Y. V. Karpich's research "The influence of religiosity on the political choice of Orthodox believers in Russia (on the example of the Lipetsk region)" (2020) [8] is of interest for its non-trivial approach. Instead of analyzing public statements and the regulatory framework, paying attention to official databases and studying the institutional relationship between religion and the state, Karpich conducted an empirical study in the Lipetsk region using the in-depth interview method.

Karpich's model allowed us to establish that political choice is determined by a combination of religious and non-religious identities, practices and beliefs. In addition, the author noted that the political choice is influenced by the level of religiosity. Thus, the most religious people tend not to participate in elections at all. Karpich explains this on the one hand by the radicalization of their beliefs, because the moderately conservative position of the government is insufficient for the most religious, and on the other hand, it indicates a decline in interest in secular life.

The secular (non-religious) component, such as the question of trust /distrust of politicians, faith in elections, faith in one's ability to influence something, is formed, among other things, from religious beliefs, increasing or decreasing the desire to participate in elections and political life.

This methodological approach allows us to consider religiosity as a factor driving a person's motivation, determining his preferences and behavior in the political sphere.

Against the background of the above-mentioned works, V. V. Lokosov's study "Does religiosity affect the political consolidation of society" (2006) is noteworthy [9]. Written under the Patriarchy of Alexy II, before the beginning of building a firm power vertical and a unified state policy and before the Ukrainian crisis, the article reflects the reality of a slightly different Russia.

The author examines the place of the ROC (MP) in the socio-political life of society. V. V. Lokosov noted that people's attitude to power and the state system is not conditioned by their attitude to religion. Comparing the socio-political preferences of five typological groups: nonbelievers, Orthodox, ecclesiastical, non-ecclesiastical, Muslims, the author came to the conclusion that the religious factor does not influence the assessment of the state of Russian society and the state.

Concluding this review of Russian studies on the relationship between religiosity and political preferences, I would like to note that modern scientists note the influence of people's religiosity on their political preferences, and "immersed" believers tend to rely on the authority of the community and their spiritual leaders. However, it is impossible not to note the Russian specifics of political life.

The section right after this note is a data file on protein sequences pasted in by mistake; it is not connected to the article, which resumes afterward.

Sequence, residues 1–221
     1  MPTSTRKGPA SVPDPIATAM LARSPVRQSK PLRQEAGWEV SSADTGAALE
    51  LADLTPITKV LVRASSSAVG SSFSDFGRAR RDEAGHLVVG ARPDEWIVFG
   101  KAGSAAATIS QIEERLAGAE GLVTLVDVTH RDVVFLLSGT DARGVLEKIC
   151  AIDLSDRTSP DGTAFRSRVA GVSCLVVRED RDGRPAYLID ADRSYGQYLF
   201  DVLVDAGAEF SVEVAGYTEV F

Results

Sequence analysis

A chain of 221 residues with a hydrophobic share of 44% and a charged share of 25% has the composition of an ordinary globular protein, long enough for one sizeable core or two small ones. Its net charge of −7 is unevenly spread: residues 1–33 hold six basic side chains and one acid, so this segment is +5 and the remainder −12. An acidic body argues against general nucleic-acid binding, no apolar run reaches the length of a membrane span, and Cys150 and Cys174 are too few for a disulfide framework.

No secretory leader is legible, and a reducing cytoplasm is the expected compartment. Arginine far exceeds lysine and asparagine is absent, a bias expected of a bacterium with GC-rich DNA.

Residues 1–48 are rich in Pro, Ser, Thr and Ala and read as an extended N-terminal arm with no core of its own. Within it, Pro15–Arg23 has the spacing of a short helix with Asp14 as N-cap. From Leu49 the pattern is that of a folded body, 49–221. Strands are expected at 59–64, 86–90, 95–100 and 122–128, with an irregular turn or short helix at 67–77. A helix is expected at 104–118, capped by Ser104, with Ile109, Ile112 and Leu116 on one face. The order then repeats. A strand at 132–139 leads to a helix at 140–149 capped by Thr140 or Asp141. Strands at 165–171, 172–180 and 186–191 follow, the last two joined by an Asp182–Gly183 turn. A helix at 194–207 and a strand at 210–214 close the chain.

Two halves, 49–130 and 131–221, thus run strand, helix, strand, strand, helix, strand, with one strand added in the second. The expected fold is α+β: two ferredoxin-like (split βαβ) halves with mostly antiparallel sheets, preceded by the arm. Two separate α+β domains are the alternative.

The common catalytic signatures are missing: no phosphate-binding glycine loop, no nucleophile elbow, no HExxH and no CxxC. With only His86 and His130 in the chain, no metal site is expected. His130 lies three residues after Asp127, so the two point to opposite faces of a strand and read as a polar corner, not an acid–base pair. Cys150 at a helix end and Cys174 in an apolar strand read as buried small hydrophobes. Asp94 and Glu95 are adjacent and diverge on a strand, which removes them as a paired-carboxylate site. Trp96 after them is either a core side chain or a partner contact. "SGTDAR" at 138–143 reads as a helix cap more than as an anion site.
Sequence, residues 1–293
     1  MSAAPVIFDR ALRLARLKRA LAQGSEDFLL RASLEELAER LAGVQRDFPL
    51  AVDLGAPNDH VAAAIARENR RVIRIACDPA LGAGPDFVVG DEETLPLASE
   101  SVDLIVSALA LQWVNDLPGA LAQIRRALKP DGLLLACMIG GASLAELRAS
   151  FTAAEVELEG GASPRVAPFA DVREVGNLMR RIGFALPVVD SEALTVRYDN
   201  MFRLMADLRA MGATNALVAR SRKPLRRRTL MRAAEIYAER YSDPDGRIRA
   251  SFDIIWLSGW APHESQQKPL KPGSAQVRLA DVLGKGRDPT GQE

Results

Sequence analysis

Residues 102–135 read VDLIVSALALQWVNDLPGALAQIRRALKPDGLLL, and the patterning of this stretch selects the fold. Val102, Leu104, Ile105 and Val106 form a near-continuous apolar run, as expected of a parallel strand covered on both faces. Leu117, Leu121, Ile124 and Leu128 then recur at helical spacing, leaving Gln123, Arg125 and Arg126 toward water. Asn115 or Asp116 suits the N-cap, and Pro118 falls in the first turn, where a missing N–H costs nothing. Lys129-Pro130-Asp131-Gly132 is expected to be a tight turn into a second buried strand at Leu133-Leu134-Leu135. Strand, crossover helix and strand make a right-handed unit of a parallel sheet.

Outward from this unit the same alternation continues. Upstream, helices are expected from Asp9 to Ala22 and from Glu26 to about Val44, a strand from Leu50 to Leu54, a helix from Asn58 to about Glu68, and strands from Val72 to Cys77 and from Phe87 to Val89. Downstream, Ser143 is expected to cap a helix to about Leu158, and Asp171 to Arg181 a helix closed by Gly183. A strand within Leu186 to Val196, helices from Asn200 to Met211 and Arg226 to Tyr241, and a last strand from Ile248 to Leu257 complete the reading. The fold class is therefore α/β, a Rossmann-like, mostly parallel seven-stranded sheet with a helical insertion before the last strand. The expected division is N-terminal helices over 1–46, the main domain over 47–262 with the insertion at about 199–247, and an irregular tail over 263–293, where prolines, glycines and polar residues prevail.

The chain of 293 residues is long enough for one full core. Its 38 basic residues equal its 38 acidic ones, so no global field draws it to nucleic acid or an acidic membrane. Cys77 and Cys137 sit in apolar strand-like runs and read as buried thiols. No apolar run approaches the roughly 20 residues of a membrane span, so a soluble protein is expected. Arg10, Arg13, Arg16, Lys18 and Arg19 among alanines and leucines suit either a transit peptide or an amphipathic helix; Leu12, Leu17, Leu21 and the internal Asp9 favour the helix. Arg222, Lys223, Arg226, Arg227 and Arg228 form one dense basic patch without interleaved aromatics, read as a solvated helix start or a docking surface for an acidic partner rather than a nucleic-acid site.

Foreign experience

Let us now turn to the study of the relationship between religiosity and political preferences in foreign literature. Unlike Russian science, European and American sociology was not constrained by government restrictions on the study of religion.

However, the first thing we will mention again is M. I. Bogachev and his article "Is there a connection between religion and politics? Analyzing the experience of North America and Europe" (2016) [10]. In the work, the issue of the relationship between religion and politics is considered from the standpoint of the theory of social schisms (S. Lipset and S. Rokkan). Bogachev gives three types of divisions that are used by political forces in their struggle:

1. Clerical-secular type (divergence of party preferences of believers and nonbelievers) - in this type, believers (Catholics, Protestants) sympathize with Christian Democratic or conservative parties, do not vote for leftist and radical parties.

2. Interfaith type (divergence of party preferences of representatives of different faiths) in Catholic Europe, Catholics vote for Christian Democratic or conservative parties, Protestants support their own or socially oriented parties. In the United States, the situation is different, complicated by economic and even racial factors.

3. Intraconfessional type (divergence of party preferences of representatives of different subgroups in the same denomination) it is noted that a believer who regularly attends services votes for Christian Democrats or conservatives, who attends less often votes for social democratic and liberal ones.

In this situation, parties and other political forces are forced to take into account the religious factor in their campaigning sometimes using statements about their religious policy in public campaigning, sometimes, on the contrary, silencing and trying not to step on the rights of other religious groups.

Thus, M. I. Bogachev's work allows us to evaluate the foreign experience of explaining the interrelationships between religiosity and political preferences.